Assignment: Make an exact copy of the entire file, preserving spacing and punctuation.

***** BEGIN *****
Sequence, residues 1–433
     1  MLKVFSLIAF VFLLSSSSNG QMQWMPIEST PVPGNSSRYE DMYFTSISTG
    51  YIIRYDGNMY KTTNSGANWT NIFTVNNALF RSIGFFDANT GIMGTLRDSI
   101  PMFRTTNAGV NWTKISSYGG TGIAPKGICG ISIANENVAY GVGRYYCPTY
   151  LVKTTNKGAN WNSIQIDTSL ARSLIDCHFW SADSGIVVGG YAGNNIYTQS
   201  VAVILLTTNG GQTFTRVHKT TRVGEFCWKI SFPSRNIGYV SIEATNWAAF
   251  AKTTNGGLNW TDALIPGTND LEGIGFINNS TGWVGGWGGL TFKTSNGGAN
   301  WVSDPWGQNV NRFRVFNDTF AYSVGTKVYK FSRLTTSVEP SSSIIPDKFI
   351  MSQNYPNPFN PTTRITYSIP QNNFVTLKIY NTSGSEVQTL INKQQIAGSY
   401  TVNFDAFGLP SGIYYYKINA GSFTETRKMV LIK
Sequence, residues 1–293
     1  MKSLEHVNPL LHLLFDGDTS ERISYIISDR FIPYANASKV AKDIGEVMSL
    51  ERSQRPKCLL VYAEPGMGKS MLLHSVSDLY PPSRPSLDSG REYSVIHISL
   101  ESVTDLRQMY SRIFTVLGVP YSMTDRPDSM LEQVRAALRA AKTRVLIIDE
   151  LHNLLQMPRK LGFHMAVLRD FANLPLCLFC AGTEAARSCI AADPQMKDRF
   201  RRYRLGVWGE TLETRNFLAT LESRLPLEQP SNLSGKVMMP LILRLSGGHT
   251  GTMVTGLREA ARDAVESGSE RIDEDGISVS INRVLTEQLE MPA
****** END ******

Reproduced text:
Sequence, residues 1–433
     1  MLKVFSLIAF VFLLSSSSNG QMQWMPIEST PVPGNSSRYE DMYFTSISTG
    51  YIIRYDGNMY KTTNSGANWT NIFTVNNALF RSIGFFDANT GIMGTLRDSI
   101  PMFRTTNAGV NWTKISSYGG TGIAPKGICG ISIANENVAY GVGRYYCPTY
   151  LVKTTNKGAN WNSIQIDTSL ARSLIDCHFW SADSGIVVGG YAGNNIYTQS
   201  VAVILLTTNG GQTFTRVHKT TRVGEFCWKI SFPSRNIGYV SIEATNWAAF
   251  AKTTNGGLNW TDALIPGTND LEGIGFINNS TGWVGGWGGL TFKTSNGGAN
   301  WVSDPWGQNV NRFRVFNDTF AYSVGTKVYK FSRLTTSVEP SSSIIPDKFI
   351  MSQNYPNPFN PTTRITYSIP QNNFVTLKIY NTSGSEVQTL INKQQIAGSY
   401  TVNFDAFGLP SGIYYYKINA GSFTETRKMV LIK
Sequence, residues 1–293
     1  MKSLEHVNPL LHLLFDGDTS ERISYIISDR FIPYANASKV AKDIGEVMSL
    51  ERSQRPKCLL VYAEPGMGKS MLLHSVSDLY PPSRPSLDSG REYSVIHISL
   101  ESVTDLRQMY SRIFTVLGVP YSMTDRPDSM LEQVRAALRA AKTRVLIIDE
   151  LHNLLQMPRK LGFHMAVLRD FANLPLCLFC AGTEAARSCI AADPQMKDRF
   201  RRYRLGVWGE TLETRNFLAT LESRLPLEQP SNLSGKVMMP LILRLSGGHT
   251  GTMVTGLREA ARDAVESGSE RIDEDGISVS INRVLTEQLE MPA